And now it is “unfair” and “cruel” to expect Hillary and Obama to know the new “puppet” leader of Russia…one of the world’s great powers…and one with thousands of nukes?

    Will anyone in the media even DARE ask Obama the name of the president of Chechnya or Taiwan?

    Hell would freeze over first.

  • Macan

    I should add – in fairness to Jeb K – that Jeb’s response was exactly the response of President Bill Clinton at the time…when reporters expected him to join with them in mocking Bush’s stupidity…like Jeb, he thought these details were unimportant.

    BTW: Howard Kurtz did an informal survey of Washington journalists at the time, and could not find a single one who could name the 4 leaders.

    But, of course, Bush is a MORON…and so is free game.

    It is “cruel” to ask the same of Hillary and Obama.

    Double standard anyone?

  • LAgal

    Maybe she did not get the name quite right, but Hillary was able to indentify Medvedev as the next Russian leader. Barack Obama, the Chair of
    the Senate Foreign Relations Committee’s Subcommittee on European Affairs, has not convened policy hearings since he took over as its chairman a year ago. How come nobody comments on this?

  • Guest

    Hello, everyone –

    Thanks for all the thoughtful feedback.

    Briefly, I want to address your follow-up comment, StockBoy. I think the difference here is that Medvedev is not a well-known guy, he is not yet the president of Russia, and that he actually just came on to the political scene a few months ago. To suggest that the candidates have the time to follow, and remember, all these minute details of Russian politics seems far-fetched, and basically irrelevant to the presidential race.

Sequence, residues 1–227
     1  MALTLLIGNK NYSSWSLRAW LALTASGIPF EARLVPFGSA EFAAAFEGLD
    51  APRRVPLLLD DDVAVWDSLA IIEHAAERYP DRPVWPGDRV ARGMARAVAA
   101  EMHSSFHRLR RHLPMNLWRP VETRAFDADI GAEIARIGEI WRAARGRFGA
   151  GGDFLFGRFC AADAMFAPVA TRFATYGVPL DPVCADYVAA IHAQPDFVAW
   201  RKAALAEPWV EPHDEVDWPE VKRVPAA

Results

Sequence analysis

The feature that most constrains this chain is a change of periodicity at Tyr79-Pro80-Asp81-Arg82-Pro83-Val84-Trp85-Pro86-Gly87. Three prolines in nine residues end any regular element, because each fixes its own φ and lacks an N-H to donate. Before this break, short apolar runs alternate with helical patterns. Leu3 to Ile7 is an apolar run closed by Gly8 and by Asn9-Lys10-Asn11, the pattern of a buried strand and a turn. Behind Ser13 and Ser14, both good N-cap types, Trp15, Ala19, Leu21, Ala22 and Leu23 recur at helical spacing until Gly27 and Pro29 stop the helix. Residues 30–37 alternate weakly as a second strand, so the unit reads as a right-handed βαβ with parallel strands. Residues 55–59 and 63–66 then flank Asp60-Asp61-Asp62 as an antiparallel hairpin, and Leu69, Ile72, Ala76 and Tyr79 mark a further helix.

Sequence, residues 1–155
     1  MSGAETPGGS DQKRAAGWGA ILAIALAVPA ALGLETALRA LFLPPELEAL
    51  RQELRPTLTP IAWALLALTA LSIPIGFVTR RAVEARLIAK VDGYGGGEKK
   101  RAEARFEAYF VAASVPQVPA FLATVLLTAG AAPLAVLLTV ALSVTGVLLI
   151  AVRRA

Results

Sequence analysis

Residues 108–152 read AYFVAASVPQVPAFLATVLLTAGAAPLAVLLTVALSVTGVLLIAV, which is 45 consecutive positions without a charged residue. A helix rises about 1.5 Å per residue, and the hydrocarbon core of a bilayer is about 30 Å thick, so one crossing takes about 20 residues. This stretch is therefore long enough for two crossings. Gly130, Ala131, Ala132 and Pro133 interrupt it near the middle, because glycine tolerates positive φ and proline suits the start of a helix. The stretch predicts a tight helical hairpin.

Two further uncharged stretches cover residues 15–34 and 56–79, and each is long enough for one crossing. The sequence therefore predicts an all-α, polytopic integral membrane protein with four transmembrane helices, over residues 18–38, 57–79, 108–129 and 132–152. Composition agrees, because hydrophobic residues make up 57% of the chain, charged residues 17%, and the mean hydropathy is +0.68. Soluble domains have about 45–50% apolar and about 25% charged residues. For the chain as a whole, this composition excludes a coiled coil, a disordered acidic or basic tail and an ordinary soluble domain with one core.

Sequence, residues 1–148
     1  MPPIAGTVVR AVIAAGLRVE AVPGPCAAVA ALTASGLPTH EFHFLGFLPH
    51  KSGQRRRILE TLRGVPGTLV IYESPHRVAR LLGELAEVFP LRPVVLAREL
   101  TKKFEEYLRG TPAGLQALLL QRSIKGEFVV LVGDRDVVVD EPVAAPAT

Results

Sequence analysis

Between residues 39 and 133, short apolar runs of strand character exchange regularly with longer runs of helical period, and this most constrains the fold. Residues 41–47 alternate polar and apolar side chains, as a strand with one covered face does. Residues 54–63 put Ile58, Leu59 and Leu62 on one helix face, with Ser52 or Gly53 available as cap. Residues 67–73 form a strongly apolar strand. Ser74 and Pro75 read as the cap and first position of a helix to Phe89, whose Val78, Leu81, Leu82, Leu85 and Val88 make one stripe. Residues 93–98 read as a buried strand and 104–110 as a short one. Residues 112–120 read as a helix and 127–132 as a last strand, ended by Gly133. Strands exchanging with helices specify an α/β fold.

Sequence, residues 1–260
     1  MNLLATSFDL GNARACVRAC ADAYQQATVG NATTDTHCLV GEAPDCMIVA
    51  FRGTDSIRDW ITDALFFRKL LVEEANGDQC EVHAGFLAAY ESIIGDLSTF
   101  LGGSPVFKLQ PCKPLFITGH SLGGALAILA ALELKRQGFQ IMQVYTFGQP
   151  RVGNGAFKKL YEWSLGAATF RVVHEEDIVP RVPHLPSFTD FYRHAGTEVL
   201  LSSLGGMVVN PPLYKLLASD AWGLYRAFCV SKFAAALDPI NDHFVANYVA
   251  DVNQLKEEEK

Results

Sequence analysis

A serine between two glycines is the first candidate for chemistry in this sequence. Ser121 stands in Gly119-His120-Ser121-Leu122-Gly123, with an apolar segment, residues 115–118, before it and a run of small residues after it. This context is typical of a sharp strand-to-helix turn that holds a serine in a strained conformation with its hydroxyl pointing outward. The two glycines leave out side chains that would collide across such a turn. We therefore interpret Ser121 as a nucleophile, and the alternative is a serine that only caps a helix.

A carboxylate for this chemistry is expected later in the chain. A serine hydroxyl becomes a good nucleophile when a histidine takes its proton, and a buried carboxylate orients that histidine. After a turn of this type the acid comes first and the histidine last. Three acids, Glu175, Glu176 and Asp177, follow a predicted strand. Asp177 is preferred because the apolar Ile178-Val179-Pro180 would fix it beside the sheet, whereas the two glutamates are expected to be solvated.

Furthermore, reporters should not fall into this mode of trying to catch candidates “off guard” in order to reveal their ignorance. This isn’t a polisci exam, and candidates should not be forced to know every development in world politics. Should candidates be aware of a country’s history and its political scene? Absolutely. But should they have to know the personal history of, say, Nawaz Sharif? Probably not. Ultimately, it’s a matter of degree, and I think Russert took it way too far.

  • pacatrue

    It was discussed earlier in a post, LAgal, but I am unable to find the link for you.

    I should say that I find Jeb’s original topic a much more interesting question than whether or not the media did this or that 8 years ago or whether or not some blogger is being equally fair to every candidate and on and on. The unfortunate truth is that it’s possible to memorize the capitals or Presidents of every country on the face of the Earth and still not have any idea how to deal with any of them. The former is what we must memorize in 4th grade; the latter is what we need out of a President.